Nearby, multiple works featuring lavish fabrics by Noel W Anderson grace the booth’s white walls and harmonize beautifully with the many works in electric blue by Summer Wheat. Wheat’s brightly colored pieces are made utilizing a novel technique of pushing acrylic paint through fine sheets of aluminum mesh. Also, by Wheat are three curvilinear fiberglass seats covered in mosaic stone. These works are meant to invite viewers to sit and comfortably contemplate Zidoun-Bossuyt’s beautiful selection.
With works by Sarah Meyohas
While most booths at this year’s Untitled Art Miami Beach feature a selection of works by multiple artists, COUNTY has opted for a solo presentation of renowned conceptual artist Sarah Meyohas. Back in 2015, the French American artist made headlines with her cryptocurrency performance “Bitchcoin,” which was minted months before Etherium came into existence. In 2017, she was included in Forbes magazine’s “30 Under 30” list. At COUNTY’s booth, Meyohas’s works continue the artist’s reflections on the nature and the possibilities of emerging technologies in contemporary society.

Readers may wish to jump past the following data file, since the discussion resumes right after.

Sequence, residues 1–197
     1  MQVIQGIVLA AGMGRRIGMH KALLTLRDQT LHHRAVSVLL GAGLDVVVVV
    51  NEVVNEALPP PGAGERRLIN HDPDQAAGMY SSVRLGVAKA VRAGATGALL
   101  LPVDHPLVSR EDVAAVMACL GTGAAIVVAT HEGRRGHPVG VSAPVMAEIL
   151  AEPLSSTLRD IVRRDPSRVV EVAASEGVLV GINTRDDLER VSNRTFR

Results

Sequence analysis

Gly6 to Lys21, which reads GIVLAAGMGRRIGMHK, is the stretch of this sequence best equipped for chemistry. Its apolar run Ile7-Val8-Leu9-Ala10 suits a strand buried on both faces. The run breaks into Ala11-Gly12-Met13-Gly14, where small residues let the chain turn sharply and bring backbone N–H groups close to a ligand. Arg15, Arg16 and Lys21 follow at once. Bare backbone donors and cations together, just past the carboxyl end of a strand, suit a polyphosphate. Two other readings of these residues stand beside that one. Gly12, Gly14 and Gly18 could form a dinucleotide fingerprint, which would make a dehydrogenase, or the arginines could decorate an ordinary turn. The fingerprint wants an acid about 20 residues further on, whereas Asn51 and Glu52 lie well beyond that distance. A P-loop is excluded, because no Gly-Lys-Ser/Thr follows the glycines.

In addition to mesmerizing new hologram pieces by the artist, most of the works featured in the presentation are part of Mehoya’s enthralling “Speculation” series, including Liquid Speculation 5 and Blue and White Speculation (both 2021). “Even though she’s at the forefront in new mediums, her ‘Speculation’ works are created using a very traditional method: a hidden camera and two-way mirrors,” explained gallerist Dalton Freed. Close to half of the available works, priced between $20,000 and $30,000, had sold by the end of the day.